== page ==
The combination of sleep duration, television (TV) time and body mass index (BMI) may be related to the alteration of cardiometabolic risk. However, there are few studies that use these variables grouped, and showing the moderating role of age. This study aimed to verify if the combination of sleep duration, TV time and BMI is associated with cardiometabolic risk and the moderating role of age in this relationship in youth.
Cross-sectional study conducted with 1411 adolescents (611 male), aged 10–17 years. Sleep duration, TV time and BMI were assessed and grouped into eight categories. Cardiometabolic risk was assessed by a continuous metabolic risk score, including the following variables: low HDL-cholesterol, elevated triglycerides, dysglycemia, high systolic blood pressure, high waist circumference and low cardiorespiratory fitness. Generalized linear models were used to test moderation of age in the relationship between the eight categories of sleep duration/television time/BMI with cardiometabolic risk.
Cardiometabolic risk factor showed association with all overweight or obesity independent of sleep time and TV time. Age moderated the relationship between sleep duration/television time/BMI with cardiometabolic risk. This association was stronger in younger adolescents (11 and 13 years), indicating that individuals with inadequate sleep, prolonged TV time and overweight/obesity present higher cardiometabolic risk values when compared to 15-year-old adolescents.
Overweight/obesity, independently of sleep duration and TV time, is the main risk factor for cardiometabolic disorders in adolescence. When moderated by age, younger adolescents that presented the combination of risk factors had higher cardiometabolic risk.
Funding source: Coordenação de Aperfeiçoamento de Pessoal de Nível Superior
We thank the collaboration of the schools, our research group from Health Research Laboratory (LAPES), Professor Miria Suzana Burgos (in memoriam), who contributed to this study and for all her dedication to the research “Schoolchildren’s health”, as well as all the support of the University of Santa Cruz do Sul – UNISC and Higher Education Personnel Improvement Coordination - Brazil (CAPES).
Research funding: This work was carried out with the support of the Higher Education Personnel Improvement Coordination - Brazil (CAPES) - Financing Code 001.
Authors contributions: APS, CPR, JDPR participated in data organization and designed the study. APS, ARG, AFD, CB, JDPR and CPR performed the statistical analysis. All the authors contributed to the elaboration of the manuscript with critical comments about it.
Competing interests: The authors declare no conflict of interest.
Ethical approval: All procedures performed in studies involving human participants were in accordance with the ethical standards of the institutional and/or national research committee and with the 1964 Helsinki declaration and its later amendments or comparable ethical standards. In addition, this study has been conducted in accordance with Resolution 466/2012 of the National Council of Health in Brazil. Informed consent was obtained from all individual participants included in the study. The study was approved by the Research Ethics Committee of the University of Santa Cruz do Sul (UNISC) under Opinion No. 2936223.
2. Pedigão, C. Cardiometabolic risk - a concept that unites several specialties? Rev Factores Risco 2008;8:44–9.Search in Google Scholar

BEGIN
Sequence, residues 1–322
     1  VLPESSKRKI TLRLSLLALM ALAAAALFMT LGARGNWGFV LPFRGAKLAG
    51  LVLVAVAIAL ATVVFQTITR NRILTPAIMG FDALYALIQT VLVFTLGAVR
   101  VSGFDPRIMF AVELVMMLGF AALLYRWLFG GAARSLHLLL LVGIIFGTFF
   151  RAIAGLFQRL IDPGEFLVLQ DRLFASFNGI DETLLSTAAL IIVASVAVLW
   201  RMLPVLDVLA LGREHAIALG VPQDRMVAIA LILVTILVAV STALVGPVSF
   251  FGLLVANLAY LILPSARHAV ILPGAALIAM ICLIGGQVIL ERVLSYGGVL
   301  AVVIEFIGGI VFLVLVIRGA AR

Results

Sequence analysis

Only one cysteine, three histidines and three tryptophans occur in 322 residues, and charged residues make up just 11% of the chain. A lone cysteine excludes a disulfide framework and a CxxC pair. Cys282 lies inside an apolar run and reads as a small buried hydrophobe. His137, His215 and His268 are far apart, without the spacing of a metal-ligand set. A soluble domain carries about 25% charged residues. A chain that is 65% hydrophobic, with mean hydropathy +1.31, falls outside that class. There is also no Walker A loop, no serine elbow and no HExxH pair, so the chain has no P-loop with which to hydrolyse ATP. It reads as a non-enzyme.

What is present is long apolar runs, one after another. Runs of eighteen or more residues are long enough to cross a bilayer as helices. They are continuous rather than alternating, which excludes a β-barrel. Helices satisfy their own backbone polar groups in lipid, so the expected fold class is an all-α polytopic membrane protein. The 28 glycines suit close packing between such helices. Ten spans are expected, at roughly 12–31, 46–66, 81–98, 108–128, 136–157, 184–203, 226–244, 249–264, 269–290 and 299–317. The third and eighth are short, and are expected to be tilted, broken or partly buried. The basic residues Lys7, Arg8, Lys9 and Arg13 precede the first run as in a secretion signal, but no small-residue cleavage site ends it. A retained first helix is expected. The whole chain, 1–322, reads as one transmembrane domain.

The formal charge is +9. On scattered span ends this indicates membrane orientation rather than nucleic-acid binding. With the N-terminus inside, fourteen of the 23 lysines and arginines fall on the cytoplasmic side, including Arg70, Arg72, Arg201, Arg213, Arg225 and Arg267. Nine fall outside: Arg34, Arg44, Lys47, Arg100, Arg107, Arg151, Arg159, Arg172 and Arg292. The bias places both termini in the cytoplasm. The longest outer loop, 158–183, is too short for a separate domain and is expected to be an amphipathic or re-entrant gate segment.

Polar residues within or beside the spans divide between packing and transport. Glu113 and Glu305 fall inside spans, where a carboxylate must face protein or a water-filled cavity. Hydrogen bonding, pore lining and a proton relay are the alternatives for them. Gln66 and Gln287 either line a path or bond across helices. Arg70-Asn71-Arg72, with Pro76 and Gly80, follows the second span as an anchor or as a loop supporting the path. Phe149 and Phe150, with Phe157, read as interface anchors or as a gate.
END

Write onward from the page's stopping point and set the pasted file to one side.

3. Barstad, LH, Júlíusson, PB, Johnson, LK, Hertel, JK, Lekhal, S, Hjelmesæth, J. Gender-related differences in cardiometabolic risk factors and lifestyle behaviors in treatment-seeking adolescents with severe obesity. BMC Pediatr 2018;18:1–8. https://doi.org/10.1186/s12887-018-1057-3.Search in Google Scholar PubMed PubMed Central
4. Fonseca, H. Prevention of cardiometabolic risk in children and adolescents. Rev Factores Risco 2010;17:58–61.Search in Google Scholar
5. Pogodina, A, Rychkova, L, Kravtzova, O, Klimkina, J, Kosovtzeva, A. Cardiometabolic risk factors and health-related quality of life in adolescents with obesity. Child Obes 2017;13:499–506. https://doi.org/10.1089/chi.2016.0330.Search in Google Scholar PubMed
6. Li, L, Pérez, A, Wu, L-T, Ranjit, N, Brown, HS, Kelder, SH. Cardiometabolic risk factors among severely obese children and adolescents in the United States, 1999–2012. Child Obes 2016;12:12–9. https://doi.org/10.1089/chi.2015.0136.Search in Google Scholar PubMed
7. Staiano, AE, Harrington, DM, Broyles, ST, Gupta, AK, Katzmarzyk, PT. Television, adiposity, and cardiometabolic risk in children and adolescents. Am J Prev Med 2013;44:40–7. https://doi.org/10.1016/j.amepre.2012.09.049.Search in Google Scholar PubMed PubMed Central
8. Kobayashi, D, Kuriyama, N, Osugi, Y, Arioka, H, Takahashi, O. Longitudinal relationships between cardiovascular events, risk factors, and time-dependent sleep duration. Cardiol J 2018;25:229–35. https://doi.org/10.5603/CJ.a2017.0088.Search in Google Scholar PubMed
9. Krittanawong, C, Tunhasiriwet, A, Wang, Z, Zhang, H, Farrell, AM, Chirapongsathorn, S, et al.. Association between short and long sleep durations and cardiovascular outcomes: a systematic review and meta-analysis. Eur Hear J Acute Cardiovasc Care 2017. https://doi.org/10.1177/2048872617741733.Search in Google Scholar PubMed
10. Liu, TZ, Xu, C, Rota, M, Cai, H, Zhang, C, Shi, MJ, et al.. Sleep duration and risk of all-cause mortality: a flexible, non-linear, meta-regression of 40 prospective cohort studies. Sleep Med Rev 2017;32:28–36. https://doi.org/10.1016/j.smrv.2016.02.005.Search in Google Scholar PubMed
11. Grandner, M, Sands-Lincoln, Pak, Garland. Sleep duration, cardiovascular disease, and proinflammatory biomarkers. Nat Sci Sleep 2013;5:93–107. https://doi.org/10.2147/nss.s31063.Search in Google Scholar PubMed PubMed Central
12. Carson, V, Tremblay, MS, Chaput, J-P, Chastin, SFM. Associations between sleep duration, sedentary time, physical activity, and health indicators among Canadian children and youth using compositional analyses. Appl Physiol Nutr Metabol 2016;41:S294–302. https://doi.org/10.1139/apnm-2016-0026.Search in Google Scholar PubMed
14. Carson, V, Hunter, S, Kuzik, N, Gray, CE, Poitras, VJ, Chaput, J-P, et al.. Systematic review of sedentary behaviour and health indicators in school-aged children and youth: an update. Appl Physiol Nutr Metabol 2016;41:S240–265. https://doi.org/10.1139/apnm-2016-0026.Search in Google Scholar PubMed
15. Chastin, SFM, Palarea-Albaladejo, J, Dontje, ML, Skelton, DA. Combined effects of time spent in physical activity, sedentary behaviors and sleep on obesity and cardio-metabolic health markers: a novel compositional data analysis approach. PloS One 2015;10:1–37. https://doi.org/10.1371/journal.pone.0139984.Search in Google Scholar PubMed PubMed Central